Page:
The following times are Eastern. I’m watching the PBS coverage.
9:00: Jim Lehrer, Mark Shields, David Brooks observe this is Palin’s big chance to prove she can talk coherently.
9:01: Gwen Ifil, the moderator, outlines the format. Gov. Sarah Palin and Sen. Joe Biden come out, shake hands. Palin back in black.
9:03: First question – does the way Washington has handled the bailout show the best or worst of Washington? Biden plays it safe, quotes Obama. Dems keep fingers crossed that Biden will stick to that approach. Palin opens with a down-home approach: “go to a kid’s soccer [not hockey] game” and ask the parents how things are going. “The barometer is going to be resounding that our economy is hurting.” “John McCain has been one representing reform.”
9:06: Ifil: “How would you shrink the polarization we’ve seen?” Biden: “I’ve been able to reach across the aisle.” Then: “Two Mondays ago at 9:00 John McCain said the fundamentals of the economy was strong.” Palin: “He was talking to and he was talking about the American workforce, the greatest in the world. What I’ve done, as governor and mayor” is to have a “track record of reform.” She says Obama “has voted only along party lines.” “Put the partisanship, put the party interests aside.” “Americans are craving something new and different.” Ifil: “None of you have really answered the question.”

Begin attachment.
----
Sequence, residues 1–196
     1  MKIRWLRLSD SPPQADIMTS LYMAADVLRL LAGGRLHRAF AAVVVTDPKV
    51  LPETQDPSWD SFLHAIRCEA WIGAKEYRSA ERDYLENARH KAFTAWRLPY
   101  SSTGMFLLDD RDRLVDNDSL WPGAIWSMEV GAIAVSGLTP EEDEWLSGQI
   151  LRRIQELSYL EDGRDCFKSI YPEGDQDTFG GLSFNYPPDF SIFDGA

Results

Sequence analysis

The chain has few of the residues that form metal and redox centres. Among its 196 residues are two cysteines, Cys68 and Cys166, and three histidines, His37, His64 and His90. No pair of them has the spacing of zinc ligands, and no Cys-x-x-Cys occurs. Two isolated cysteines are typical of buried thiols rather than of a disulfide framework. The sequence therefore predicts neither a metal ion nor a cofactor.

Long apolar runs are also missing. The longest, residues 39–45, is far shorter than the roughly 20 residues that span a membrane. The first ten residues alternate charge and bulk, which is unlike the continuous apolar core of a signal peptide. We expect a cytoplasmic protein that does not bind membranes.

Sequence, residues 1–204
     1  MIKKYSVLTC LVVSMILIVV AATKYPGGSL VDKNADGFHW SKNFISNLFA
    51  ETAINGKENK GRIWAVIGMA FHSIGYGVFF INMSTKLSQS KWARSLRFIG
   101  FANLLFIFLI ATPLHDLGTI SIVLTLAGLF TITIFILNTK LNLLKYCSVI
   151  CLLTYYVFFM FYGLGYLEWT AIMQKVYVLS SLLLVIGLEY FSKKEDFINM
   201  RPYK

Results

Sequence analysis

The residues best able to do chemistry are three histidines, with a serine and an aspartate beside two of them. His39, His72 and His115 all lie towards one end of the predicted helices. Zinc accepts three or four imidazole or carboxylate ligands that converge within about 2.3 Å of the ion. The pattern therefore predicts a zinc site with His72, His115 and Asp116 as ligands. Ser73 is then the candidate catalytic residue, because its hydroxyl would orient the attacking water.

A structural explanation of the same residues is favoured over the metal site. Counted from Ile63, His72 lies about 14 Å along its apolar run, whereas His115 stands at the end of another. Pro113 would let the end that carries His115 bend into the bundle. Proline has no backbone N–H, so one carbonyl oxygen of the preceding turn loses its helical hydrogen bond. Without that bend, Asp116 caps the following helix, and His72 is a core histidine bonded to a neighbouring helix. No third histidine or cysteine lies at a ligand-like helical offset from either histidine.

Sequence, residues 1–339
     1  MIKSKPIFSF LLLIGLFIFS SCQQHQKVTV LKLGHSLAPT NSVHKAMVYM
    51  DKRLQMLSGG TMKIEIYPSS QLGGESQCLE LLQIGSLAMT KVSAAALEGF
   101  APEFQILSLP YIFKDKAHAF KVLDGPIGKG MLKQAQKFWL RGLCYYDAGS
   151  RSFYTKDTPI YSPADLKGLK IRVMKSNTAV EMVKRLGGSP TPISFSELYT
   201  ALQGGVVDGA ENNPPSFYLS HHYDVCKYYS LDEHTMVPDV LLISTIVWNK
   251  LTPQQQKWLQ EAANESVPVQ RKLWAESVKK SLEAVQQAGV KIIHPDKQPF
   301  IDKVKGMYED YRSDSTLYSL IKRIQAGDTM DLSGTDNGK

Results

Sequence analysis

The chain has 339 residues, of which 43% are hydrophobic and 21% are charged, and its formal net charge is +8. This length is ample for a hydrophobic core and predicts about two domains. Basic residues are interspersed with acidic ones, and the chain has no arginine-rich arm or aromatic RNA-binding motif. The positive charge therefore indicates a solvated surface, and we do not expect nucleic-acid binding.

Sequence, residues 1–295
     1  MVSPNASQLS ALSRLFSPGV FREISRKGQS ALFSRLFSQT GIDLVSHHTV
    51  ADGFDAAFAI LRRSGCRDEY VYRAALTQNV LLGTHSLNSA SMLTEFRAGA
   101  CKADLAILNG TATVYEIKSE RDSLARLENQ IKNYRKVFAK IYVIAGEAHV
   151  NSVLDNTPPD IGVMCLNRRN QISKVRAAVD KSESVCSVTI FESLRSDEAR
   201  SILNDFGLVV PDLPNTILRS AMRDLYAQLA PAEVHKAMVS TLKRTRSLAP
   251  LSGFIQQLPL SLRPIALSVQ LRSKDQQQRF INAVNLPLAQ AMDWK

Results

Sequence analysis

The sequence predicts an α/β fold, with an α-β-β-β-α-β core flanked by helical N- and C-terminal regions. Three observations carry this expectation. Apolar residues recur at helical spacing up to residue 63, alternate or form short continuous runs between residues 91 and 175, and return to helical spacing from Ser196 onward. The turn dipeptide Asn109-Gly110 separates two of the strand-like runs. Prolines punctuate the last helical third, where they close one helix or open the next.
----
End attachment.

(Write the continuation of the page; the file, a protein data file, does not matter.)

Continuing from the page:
9:09: Ifil: “Who started the sub-prime meltdown?” Palin: “Darn right it was the predator lenders.” She continues: “Let’s commit ourselves – Joe Sixpack, hockey moms- never will we be exploited again. We need also to not get ourselves in debt.” And: “It’s not the American people’s fault the economy is hurting like it is.” Biden’s response: “McCain, while Obama was warning us,” said to the Wall St Journal “that ‘I’m always in favor of cutting regulations.’” Palin: “Barack had 94 opportunities” to vote for tax reduction. So far Palin is performing well. Biden argues that Obama and McCain “voted the same way” on the budget vote Palin is referring to. Biden cites “deregulation” again. Palin emphasizes “taxes.” She says, “I may not answer the questions the way you and Sen. Biden would like but I’ll talk straight to the American people.” Ifil cuts her off mid-sentence a minute later.
9:15: Ifil asks a question about taxing health benefits. Biden: Middle-class families “haven’t had a single break in taxes.” (You could have fooled me the last few years.) Palin: “I take issue with the redistribution of wealth principle you’re talking about.” She ties in lower taxes to the creation of more jobs. She borrows Reagan’s old “government not the solution, but the problem” line. Ifil: “Are you interested in defending McCain’s health-care plan?” Palin is, and puts the point across effectively, especially the crossing-state-lines part of the plan. Biden’s reply: “John McCain taxes, as income, every health-care plan.”
9:20: Ifil: “What promises have you and your campaigns made that you will not be able to keep” after the bailout plan. Biden notes that foreign assistance will have to be reduced, then moves into rhetoric about no longer giving big business tax breaks. Palin discusses the energy plan Obama voted for in 2005 “which gave those oil companies those big tax breaks.” An effective point which enables her to segue into her fight against the oil establishment in Alaska. Ifil: “So there’s nothing you’d take off the table” as a result of the bailout? Palin does not get into anything specific. Biden defends Obama’s vote on the energy plan.